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Energy Update, Oct. 5

October 5, 2012

In the States

AK – Governor Sean Parnell took his second state-sponsored trip to Asia to promote Alaskan natural gas and to advance a liquefied natural gas (LNG) project that would allow for exports to the Pacific Rim. Convinced that a market exists in Asia, namely in Japan and South Korea, Governor Parnell has asked Alaskan officials, producers, and industry experts to remain committed to the future development of a major gas pipeline. Touting a decades-old trading partnership with Asia, Governor Parnell stated he will continue to meet with higher-level Japanese and South Korean officials and businessmen to champion Alaska as a source of supply. “My goal is simply to work to grow demand for Alaskan gas in Japan by opening their eyes to the opportunity that can come with LNG from Alaska,” said the Governor. Parnell travels to Asia to promote Alaska natural gasThe Anchorage Daily News

 CA – Hoping to increase the State’s renewable energy usage while cutting costs, Governor Jerry Brown recently signed several energy-related bills, including the Energy Security Coordination Act of 2012. The law requires California to coordinate the implementation of state energy security strategies and environmental policies with the U.S. Department of Defense. The Governor’s Office of Planning and Research will directly work with several state energy agencies to ensure military involvement and collaboration in the development of renewable energy technologies. “The health of the environment, job creation and indeed, the security of the nation, depends on how we end America’s dangerous addiction to foreign oil,” said Governor Brown. Jerry Brown OKs bills to expand renewable energy in CaliforniaThe Los Angeles Times and Calif. Governor signs the Energy Security Coordination Act of 2012California Newswire

Regional News

The Southern States Energy Board has selected Governor Phil Bryant as its chairman. Governor Bryant, who will serve in this position for one year, will take over the chair’s responsibilities for Oklahoma Governor Mary Fallin, whose one-year term recently expired. A bipartisan, interstate nonprofit organization comprised of 16 states, Puerto Rico, and the Virgin Islands, the Southern States Energy Board seeks to promote economic development in the South through innovations in energy and environmental policy and programs. “For our nation to become more energy independent,” said Governor Bryant in a press release, “we must recognize the importance of a forward-thinking approach to energy, and continue to develop a comprehensive energy policy that works.” Governor Bryant’s selection as chairman was announced days before his Governor’s Energy Summit, which brought together industry experts to discuss Mississippi’s energy future. Gov. Bryant appointed to chair bipartisan energy boardThe Clarion-Ledger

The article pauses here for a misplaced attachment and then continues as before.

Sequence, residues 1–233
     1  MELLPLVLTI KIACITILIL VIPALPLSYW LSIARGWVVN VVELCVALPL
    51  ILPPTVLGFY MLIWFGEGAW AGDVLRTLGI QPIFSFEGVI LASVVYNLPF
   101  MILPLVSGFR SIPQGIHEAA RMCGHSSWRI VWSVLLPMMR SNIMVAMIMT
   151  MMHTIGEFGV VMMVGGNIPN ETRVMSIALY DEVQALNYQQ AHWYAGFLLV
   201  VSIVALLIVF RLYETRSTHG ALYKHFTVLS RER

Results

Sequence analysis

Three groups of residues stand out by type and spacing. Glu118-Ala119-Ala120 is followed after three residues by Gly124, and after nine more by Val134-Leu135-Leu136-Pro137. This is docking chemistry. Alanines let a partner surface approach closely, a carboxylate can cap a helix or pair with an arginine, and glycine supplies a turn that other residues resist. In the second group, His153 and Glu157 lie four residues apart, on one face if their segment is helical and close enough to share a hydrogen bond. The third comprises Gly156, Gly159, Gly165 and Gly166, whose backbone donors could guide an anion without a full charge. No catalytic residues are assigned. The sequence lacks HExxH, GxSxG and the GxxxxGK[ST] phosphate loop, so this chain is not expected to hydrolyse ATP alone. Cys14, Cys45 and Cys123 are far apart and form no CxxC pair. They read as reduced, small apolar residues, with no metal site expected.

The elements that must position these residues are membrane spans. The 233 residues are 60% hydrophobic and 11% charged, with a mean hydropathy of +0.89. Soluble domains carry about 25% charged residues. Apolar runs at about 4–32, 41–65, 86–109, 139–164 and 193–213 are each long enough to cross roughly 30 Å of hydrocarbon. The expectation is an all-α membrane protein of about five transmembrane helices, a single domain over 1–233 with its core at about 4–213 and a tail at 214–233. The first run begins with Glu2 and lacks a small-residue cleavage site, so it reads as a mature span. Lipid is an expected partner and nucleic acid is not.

Twenty-two states have now joined the coalition led by Colorado Governor John Hickenlooper and Oklahoma Governor Mary Fallin to spur the production and the purchase of vehicles that run on compressed natural gas (CNG). Earlier in July, the Governors met with American auto manufacturers in Detroit, Michigan to announce the coalition’s intent to purchase thousands of CNG vehicles. The preliminary results of the multistate request for proposals were released yesterday, with dealerships representing Ford, Chrysler, General Motors, and Honda submitting more than 100 bids. Governor Hickenlooper announced he expects the partnership to purchase as many as 5,000 to 10,000 vehicles annually. According to the coalition, whereas approximately 10 million CNG vehicles run worldwide, no more than 200,000 operate in the United States. Colorado Gov: States willing to buy up to 10,000 natural gas vehicles annuallyThe Detroit News and Okla., Colo. Govs. Report on 22-state CNG PlanThe Denver Post